An application for pre-action disclosure should be considered under CPR 31.16(3)(a) where there are documents in control of persons likely to become a party to the proceedings or under CPR 31.16(3)(c) if the claim has been issued and the documents would be required to be disclosed under standard disclosure.
Pre-action disclosure should be considered where you have requested copies of the relevant documents but they have not been provided and it is a method of determining whether the claim is worth issuing. It can also assist with ADR or mediation etc prior to issuing a claim which in turn can save on costs. However, pre-action disclosure is only available against potential parties to the potential claim.
Any application for pre-action disclosure under 31.16 should be accompanied by a Witness Statement, details of the documents required and reasons why they are required.
Disclosure is where parties to a claim list the documents which exist or have existed which they intend to rely on in court and which assist or harm the case of any of the parties to the dispute. Once the list of documents is provided the other side has the right to inspect the disclosed documents.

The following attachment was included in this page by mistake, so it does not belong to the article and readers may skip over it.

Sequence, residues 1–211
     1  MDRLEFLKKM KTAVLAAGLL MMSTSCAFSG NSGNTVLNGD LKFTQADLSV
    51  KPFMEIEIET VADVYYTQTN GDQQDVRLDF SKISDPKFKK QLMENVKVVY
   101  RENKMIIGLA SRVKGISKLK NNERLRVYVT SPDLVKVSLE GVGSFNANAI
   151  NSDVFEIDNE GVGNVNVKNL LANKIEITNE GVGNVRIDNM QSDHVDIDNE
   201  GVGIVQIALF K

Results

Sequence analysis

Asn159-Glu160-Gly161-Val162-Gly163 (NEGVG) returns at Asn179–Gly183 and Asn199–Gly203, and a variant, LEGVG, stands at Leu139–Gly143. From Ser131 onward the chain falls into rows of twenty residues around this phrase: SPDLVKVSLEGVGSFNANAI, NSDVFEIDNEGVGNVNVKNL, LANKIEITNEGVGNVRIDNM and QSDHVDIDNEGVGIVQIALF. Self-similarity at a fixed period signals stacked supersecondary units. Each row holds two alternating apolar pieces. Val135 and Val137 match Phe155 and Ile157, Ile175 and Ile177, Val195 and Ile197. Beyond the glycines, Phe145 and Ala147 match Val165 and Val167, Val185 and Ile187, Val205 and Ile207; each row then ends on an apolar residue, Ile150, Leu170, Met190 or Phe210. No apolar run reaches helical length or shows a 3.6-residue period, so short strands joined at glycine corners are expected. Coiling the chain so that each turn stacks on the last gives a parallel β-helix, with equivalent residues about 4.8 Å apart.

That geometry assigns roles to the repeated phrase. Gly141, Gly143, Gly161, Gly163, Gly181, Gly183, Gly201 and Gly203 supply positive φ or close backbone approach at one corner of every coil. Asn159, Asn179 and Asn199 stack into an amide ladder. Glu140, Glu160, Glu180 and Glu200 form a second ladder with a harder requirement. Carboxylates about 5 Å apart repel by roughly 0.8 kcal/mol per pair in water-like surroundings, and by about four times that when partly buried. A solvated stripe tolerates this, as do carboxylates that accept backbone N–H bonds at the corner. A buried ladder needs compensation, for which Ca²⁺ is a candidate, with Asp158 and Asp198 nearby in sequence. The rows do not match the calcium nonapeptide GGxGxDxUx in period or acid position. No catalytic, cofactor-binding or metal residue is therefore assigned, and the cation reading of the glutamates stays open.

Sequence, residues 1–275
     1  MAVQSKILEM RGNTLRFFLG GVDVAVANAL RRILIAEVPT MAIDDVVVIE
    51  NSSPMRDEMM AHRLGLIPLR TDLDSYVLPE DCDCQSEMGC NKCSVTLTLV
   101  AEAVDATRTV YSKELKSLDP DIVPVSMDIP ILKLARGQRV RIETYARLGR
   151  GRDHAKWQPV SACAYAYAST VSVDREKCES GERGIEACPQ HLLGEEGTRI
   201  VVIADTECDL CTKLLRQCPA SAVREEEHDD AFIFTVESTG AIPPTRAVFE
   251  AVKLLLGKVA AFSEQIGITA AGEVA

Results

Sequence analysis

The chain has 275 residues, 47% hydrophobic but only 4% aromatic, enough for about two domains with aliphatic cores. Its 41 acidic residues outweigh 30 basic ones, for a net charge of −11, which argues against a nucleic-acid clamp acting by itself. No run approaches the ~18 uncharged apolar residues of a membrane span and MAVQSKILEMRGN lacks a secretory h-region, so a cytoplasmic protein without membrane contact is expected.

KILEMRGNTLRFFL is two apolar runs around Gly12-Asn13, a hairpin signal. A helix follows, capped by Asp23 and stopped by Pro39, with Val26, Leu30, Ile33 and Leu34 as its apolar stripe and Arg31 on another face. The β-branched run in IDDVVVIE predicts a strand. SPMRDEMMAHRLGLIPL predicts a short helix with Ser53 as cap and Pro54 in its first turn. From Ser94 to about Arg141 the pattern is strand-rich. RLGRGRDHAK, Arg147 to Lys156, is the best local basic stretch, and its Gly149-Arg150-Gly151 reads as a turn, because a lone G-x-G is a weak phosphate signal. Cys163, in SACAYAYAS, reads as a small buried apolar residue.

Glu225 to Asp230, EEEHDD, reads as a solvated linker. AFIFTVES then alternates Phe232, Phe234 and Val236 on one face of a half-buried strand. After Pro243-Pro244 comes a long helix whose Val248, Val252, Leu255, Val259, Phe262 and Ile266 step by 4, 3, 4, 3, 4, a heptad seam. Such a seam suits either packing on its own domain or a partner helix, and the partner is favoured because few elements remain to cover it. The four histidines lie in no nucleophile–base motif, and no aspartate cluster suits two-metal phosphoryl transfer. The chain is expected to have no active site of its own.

Privileged documents must also be disclosed but may not be inspected. Each party is required to carry out a reasonable search for documents within each parties control which in turn should be proportionate to the value of the claim. Documents include all media on which information is recorded.
The list of documents (usually Form N265) should contain a disclosure statement. It should list documents which can be inspected, documents which cannot be inspected and documents which are no longer in the parties control. A disclosure statement should state the extent of the search for the documents confirm that the client understands his disclosure obligations, and has complied with his disclosure obligations.
By Michael Coyle at Lawdit Solicitors.